HP Multi Jet Fusion (HP MJF)

Recommended Z-height Limits

Under 11” preferred, with build area up to 15" x 11" x 15"


Fused Deposition Modeling (FDM)

Recommended Z-height Limits

Under 16” preferred, with build area up to 36" x 24" x 36"


Stereolithography (SLA)

Recommended Z-height Limits

Under 16” preferred, with build area up to 29" x 25" x 21"


Carbon DLS

Recommended Z-height Limits

Under 3” preferred, with build area up to 7.4" x 4.6" x 12.8"



Recommended Z-height Limits

Under 7” preferred, with build area up to 19" x 15" x 7"


Direct Metal Laser Sintering (DMLS)

Recommended Z-height Limits

Under 5” preferred, with build area up to 9" x 9" x 9"

Tip #3: Choose the Right Process

Different 3D printing processes have distinct price points, which means choosing the processes that fall within your budget (without compromising part function) can help you minimize costs.

Xometry’s SLS or HP Multi Jet Fusion printing processes using Nylon 12 is nearly always the most cost-effective process to make plastic parts in bulk. This is mostly driven by the fact that SLS parts can be printed in a family build which allows many items to be made “free-floating” in the powder bed. This allows for quantity discounts to be applied to additional items of the same part as well as added unique parts in the same quote. For large flat parts, FDM ABS-M30 or ASA is the go-to process due to the platform’s capacity to build parts quickly with various materials, infill, and color options.

The most cost-effective process for 3D printing metals is binder jetting. This affordable metal 3D printing process can create complex parts accurately without tooling, which reduces manufacturing lead times from months to days. We also recommend binder jetting as an economic alternative to metal casting in low volumes.

Tip #4: Choose the Right Material

Much like how different 3D printing platforms have different cost-drivers, so too do different materials. Some materials are more common—often called "commodity" materials—while others are engineered to have higher stiffness and heat-resistance—these are specialty "engineered" materials. Depending on your stage of product development, you should choose a material that matches your acceptance criteria for that stage.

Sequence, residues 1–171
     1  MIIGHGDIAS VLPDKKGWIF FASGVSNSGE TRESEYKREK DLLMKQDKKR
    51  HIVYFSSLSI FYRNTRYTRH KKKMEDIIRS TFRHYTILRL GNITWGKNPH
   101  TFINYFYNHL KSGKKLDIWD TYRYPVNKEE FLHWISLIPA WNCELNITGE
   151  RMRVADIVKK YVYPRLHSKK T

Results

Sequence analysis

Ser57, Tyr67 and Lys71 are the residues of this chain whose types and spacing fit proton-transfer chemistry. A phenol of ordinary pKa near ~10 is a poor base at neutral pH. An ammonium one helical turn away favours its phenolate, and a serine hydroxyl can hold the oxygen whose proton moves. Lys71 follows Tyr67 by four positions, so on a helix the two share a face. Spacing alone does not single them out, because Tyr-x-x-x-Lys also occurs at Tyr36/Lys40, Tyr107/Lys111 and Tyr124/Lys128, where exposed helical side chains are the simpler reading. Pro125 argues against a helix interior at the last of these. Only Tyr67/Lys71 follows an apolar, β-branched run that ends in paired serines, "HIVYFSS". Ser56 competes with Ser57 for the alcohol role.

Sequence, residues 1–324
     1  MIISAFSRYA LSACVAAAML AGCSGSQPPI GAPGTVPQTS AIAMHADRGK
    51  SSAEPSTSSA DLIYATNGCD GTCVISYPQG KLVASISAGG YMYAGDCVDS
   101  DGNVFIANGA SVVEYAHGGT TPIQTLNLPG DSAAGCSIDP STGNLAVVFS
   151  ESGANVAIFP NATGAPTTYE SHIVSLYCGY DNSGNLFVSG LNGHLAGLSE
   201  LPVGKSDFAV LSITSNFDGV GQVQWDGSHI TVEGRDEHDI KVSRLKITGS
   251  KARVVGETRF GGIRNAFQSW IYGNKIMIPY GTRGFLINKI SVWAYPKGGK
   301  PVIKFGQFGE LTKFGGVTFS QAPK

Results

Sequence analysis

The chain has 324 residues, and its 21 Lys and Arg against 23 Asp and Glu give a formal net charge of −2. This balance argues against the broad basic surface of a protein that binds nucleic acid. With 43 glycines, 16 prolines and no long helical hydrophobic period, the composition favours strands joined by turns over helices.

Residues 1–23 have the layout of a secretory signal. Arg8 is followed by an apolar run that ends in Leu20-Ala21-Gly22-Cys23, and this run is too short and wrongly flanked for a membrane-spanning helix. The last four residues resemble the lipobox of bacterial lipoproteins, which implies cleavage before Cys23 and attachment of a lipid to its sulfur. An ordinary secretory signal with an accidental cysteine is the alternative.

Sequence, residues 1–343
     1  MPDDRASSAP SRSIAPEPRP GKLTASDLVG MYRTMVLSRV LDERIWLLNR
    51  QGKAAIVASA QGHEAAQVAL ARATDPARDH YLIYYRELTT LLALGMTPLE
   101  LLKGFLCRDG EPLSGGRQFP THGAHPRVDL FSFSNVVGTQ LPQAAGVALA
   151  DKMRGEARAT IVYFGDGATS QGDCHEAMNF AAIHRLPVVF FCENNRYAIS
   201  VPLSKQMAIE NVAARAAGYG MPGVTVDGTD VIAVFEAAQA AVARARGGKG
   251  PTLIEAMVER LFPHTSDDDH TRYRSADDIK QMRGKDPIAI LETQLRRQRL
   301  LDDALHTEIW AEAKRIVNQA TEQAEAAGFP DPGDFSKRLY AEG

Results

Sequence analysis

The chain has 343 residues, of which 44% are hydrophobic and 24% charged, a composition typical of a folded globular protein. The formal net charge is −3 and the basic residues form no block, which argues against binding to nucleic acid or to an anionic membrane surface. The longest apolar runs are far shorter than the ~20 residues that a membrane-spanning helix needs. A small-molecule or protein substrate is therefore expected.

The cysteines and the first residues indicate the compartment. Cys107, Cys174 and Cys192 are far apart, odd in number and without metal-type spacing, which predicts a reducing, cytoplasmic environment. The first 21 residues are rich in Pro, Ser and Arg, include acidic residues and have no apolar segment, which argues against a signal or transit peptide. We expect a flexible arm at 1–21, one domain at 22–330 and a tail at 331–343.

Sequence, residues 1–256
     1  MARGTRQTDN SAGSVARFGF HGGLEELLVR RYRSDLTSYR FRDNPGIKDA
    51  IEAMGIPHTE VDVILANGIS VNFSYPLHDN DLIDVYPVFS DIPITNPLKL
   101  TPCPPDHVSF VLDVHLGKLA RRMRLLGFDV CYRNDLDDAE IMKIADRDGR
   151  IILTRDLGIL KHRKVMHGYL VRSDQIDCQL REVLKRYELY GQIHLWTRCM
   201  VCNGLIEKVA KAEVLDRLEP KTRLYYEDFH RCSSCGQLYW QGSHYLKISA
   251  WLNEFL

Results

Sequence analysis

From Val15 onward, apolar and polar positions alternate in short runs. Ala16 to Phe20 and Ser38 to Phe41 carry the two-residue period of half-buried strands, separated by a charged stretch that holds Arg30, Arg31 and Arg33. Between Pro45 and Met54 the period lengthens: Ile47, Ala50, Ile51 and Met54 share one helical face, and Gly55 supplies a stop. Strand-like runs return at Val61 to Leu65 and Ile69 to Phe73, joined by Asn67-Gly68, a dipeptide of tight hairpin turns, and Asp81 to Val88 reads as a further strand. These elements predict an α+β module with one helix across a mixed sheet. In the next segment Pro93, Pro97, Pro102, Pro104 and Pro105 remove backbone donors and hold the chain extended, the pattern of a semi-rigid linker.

For example, if you are in the rapid prototyping stage and need to prove your concept or check the fit of a part within an assembly, you may want to choose ABS for FDM or Nylon 12 for SLS. These are low-cost materials with acceptable mechanical properties and feature resolution for most applications. When you need a higher-resolution material to prototype the final geometry, a more expensive Accura or Somos resin for stereolithography 3D printing may be the best 3d printing material. For a functional or late-stage prototype, you may want to choose a reinforced, high-performance material like SLS nylon 12 carbon-filled or FDM ULTEM 9085 to test the part in its end environment. These engineered materials should be chosen only at later stages in your product development cycle to minimize your material costs and save on 3D printing.

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See this infographic to help you choose the right 3D printing option for your project.
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A bearing housing printed in two different materials. On left, PolyJet Clear, on right, DMLS Stainless Steel.

Tip #5: Follow 3D Printing Design Best Practices

There are a few basic design strategies you should stick to no matter what your part is made of or what process it's printed in. Doing so will decrease the number of times you will have to revise and reprint a design, lowering the overall cost of production. Some design strategies include:

  • Designing with even wall thicknesses will mitigate any thermal deviations or breakage
  • Adding clearance between features to ensure features resolve during printing, as well as reducing confined hollows to make sure there are no excess materials stuck between features.
  • Filleting all internal and external corners to reduce acute stress points and increase the overall performance of the part
  • Reducing the number of cantilevers or making these parts replaceable with off-the-shelf parts since they may break during 3D printing

You can find detailed design strategies in our 3D printing design guides.

For more in-depth tips, watch this on-demand webinar, Selecting the Right 3D Printing Material, hosted by me, Greg Paulsen, Director of Application Engineering at Xometry.

It's about why materials matter and how to choose materials that meet your project goals and maximize cost efficiency. I also discuss the strengths and trade-offs of each additive manufacturing process at Xometry and real-life application examples.

Greg Paulsen - Xometry Contributor
Greg Paulsen
They call me the Director of Application Engineering at Xometry. This means I not only get to produce great design-for-manufacturing content but also consult on various custom manufacturing projects using CNC machining, additive manufacturing, sheet metal, urethane casting, and injection molding. If you have a question, I'm your guy.

Read more articles by Greg Paulsen